Vision

Business Card Design Do's and Don'ts

Monday, September 18, 2017 | Posted by: Alpha Kappa Psi

Your business card is an extension of yourself and the brand of your business or yourself. With good design, a recipient will remember enough about your card that they can easily find it when sorting through a hefty stack. Here’s how to take advantage of the lasting impression a business card can help foster, and how to avoid some common business card design pitfalls.

Less Is More

It’s easy to get carried away and want to include every possible contact method or certification on your leave-behind, but a  business card cluttered with unnecessary information is unpleasing to the eye and can be confusing. It should include your name and any title, an email address, two phone numbers (if applicable), your logo, and your website. Leaving some information off of the card, like hours, can even help drive website traffic. Once you’ve decided on the information to include, it’s time to think about the design of the card.

Color Schemes

Color is one of the easiest ways to catch a reader’s eye.  Keep in mind, though, that the use of opposite or fluorescent colors will only become less pleasant to look at over time. Stick with complementary colors, and make sure to include a neutral tone in the palate.

Also make sure that the colors you use are bright enough. If someone squints or finds better light to read your card, consider using a darker shade for the text. Make sure that the ink of the information contrasts with the background to avoid causing a grimace and a headache in anyone trying to read your business card.

White Space

Speaking of color, make sure to take advantage of its absence. Leaving empty white space is important for both the aesthetic and function of a business card. Especially in a conference-type setting, you can bet on people receiving several business cards a day. Combined with the use of contrasting and complementary colors, plenty of white space draws the eye to the information you want the recipient to remember, and creates a mental imprint of the design layout. When fanning through a stack of cards, you want them to remember the overall shape of the information on your card.

The function of your business card is also enhanced by its use of white space. You’ll often find a reason to jot a note or additional contact information somewhere on the card before handing it to someone. Having a color in the background often creates a slick surface on the card that makes it difficult to write on. Leaving white space for this purpose, even an entire side of the card, is good planning. With ample white space, you have ample ability to write a note or other info.

Card Stock

A heavy cardstock is pleasant to hold and weathers better than a thinner, less sturdy paper stock. That said, using a medium-weight paper is sometimes the difference between 200 cards and 600 cards. For this reason, it is one of the first things sacrificed. If you are planning to hand out hundreds of business cards, using the standard business card paper stock is one of the best ways to cut costs and get more bang for your buck without sacrificing design elements, but it won’t leave the same impression as a heavier-weight card stock. Consider shelling out the extra money to make a stronger lasting impression. If you are given an option between matte, satin, or glossy finish to the card stock, choose matte. Matte will reduce glare and is easier to write on with a variety of pens.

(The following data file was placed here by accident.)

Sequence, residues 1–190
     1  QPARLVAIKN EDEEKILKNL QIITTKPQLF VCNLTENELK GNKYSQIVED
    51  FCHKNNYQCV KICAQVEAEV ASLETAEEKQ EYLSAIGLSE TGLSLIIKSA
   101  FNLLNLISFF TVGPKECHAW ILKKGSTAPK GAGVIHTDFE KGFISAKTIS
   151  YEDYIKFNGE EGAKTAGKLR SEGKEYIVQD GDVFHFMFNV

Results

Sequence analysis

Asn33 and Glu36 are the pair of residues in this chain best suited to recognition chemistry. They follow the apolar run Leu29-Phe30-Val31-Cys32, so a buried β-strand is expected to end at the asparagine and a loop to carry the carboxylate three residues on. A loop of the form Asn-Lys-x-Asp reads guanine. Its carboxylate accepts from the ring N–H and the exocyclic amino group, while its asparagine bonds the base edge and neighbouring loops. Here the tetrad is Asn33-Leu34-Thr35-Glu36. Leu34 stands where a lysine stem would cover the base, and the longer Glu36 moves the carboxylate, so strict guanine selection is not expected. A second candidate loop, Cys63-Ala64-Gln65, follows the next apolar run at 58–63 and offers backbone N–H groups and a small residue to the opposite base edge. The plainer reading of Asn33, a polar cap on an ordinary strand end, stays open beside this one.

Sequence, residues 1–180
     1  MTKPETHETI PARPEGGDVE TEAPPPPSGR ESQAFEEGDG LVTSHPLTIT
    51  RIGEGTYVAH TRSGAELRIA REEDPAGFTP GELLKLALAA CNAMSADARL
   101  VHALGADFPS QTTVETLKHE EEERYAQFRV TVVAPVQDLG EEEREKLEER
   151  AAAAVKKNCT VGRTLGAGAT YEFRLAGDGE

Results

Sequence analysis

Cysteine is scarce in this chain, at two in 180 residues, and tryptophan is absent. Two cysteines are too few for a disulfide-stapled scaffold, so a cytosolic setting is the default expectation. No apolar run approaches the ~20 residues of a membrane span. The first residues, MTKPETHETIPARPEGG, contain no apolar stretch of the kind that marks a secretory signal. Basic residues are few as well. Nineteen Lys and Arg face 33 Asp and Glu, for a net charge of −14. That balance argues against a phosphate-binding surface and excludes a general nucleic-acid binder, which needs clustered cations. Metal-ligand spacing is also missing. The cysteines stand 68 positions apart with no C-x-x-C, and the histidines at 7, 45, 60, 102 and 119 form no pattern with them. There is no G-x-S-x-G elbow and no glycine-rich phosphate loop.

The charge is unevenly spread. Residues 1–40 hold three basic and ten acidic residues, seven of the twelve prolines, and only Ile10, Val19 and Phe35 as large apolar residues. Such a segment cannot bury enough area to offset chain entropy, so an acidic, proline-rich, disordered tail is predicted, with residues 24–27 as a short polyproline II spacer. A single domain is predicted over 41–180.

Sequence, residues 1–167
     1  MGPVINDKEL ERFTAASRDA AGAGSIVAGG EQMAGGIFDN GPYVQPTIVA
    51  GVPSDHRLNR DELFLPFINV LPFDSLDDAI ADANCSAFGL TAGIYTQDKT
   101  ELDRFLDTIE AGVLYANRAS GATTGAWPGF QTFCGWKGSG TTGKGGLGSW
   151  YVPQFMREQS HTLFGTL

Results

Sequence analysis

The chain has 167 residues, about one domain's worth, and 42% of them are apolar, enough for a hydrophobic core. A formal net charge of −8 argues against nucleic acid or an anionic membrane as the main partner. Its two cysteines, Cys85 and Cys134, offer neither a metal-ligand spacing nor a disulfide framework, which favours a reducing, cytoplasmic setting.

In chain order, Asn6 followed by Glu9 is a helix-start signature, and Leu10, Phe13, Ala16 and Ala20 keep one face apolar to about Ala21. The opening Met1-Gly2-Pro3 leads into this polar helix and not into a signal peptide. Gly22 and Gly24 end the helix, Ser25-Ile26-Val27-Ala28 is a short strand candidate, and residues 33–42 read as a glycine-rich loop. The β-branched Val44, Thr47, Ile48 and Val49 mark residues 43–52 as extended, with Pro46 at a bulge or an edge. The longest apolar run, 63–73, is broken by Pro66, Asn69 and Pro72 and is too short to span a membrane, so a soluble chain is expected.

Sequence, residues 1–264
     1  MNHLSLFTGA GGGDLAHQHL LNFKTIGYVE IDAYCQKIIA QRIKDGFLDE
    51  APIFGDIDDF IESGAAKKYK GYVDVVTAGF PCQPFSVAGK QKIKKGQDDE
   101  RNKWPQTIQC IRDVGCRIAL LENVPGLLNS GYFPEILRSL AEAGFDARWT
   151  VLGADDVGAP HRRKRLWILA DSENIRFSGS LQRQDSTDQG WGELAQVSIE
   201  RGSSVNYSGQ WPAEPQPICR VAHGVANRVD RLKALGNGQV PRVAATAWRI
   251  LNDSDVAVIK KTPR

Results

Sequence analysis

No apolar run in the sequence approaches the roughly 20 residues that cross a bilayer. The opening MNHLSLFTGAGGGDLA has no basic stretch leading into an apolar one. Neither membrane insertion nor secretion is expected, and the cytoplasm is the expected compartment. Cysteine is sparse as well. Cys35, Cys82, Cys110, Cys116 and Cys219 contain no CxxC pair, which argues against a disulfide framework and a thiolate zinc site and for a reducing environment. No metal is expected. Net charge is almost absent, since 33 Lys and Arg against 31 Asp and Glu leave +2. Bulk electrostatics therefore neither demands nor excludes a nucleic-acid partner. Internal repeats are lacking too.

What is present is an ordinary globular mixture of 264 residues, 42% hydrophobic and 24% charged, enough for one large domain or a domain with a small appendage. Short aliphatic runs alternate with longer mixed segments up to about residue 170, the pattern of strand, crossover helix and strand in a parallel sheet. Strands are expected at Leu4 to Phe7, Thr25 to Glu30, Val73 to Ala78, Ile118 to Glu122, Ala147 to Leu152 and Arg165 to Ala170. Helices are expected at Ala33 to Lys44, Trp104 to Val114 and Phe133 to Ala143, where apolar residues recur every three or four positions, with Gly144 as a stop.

Sizes

The standard size of a business card is 3.5in x 2in. For decades, wallets, pockets, and sleeve inserts have been designed to fit this size card. If you vary from this size, it should fit within this size. Using a unique shape can make your business card stand out, but you want it to fit in with the rest of the stack. Even if the shape is square, or circular, or triangular rather than rectangular, make sure it fits within those dimensions.

Fonts

In addition to a logo, a maximum of two fonts should be used on a business card. Like the use of color, fonts should be complementary and balanced. If you are using a font with a lot of personality, a second font should be plain and of a smaller size. Using a serif and sans serif font combination is often pleasing to the eye, as is the use of one font in all-caps.

Avoid the use of an overly slanted or script font on a business card. The size of a business card limits the use of fonts to the simple and easily legible. Recipients should not be straining to read what looks like amateur graffiti on a small train car. Keep it clean, balanced, and easy to read. When in doubt, it is perfectly acceptable to use only one font.

Expert Support

We live in the age of Etsy. If you are struggling to design a business card that feels right to you, don’t be afraid to reach out to a graphic designer. Most designers do freelance work on the side, designing logos and branding guides for a flat rate that usually includes business card, letterhead, and logo design. Shop around and get quotes from several to find the right fit for you. A good deal can usually be found at your local art college, where students are adding to their portfolio in preparation for entering the workforce after graduation.

You never know when a small detail like a business card could make a big difference. Has giving out a card ever made a difference for you? Tell us the story in the comments below!

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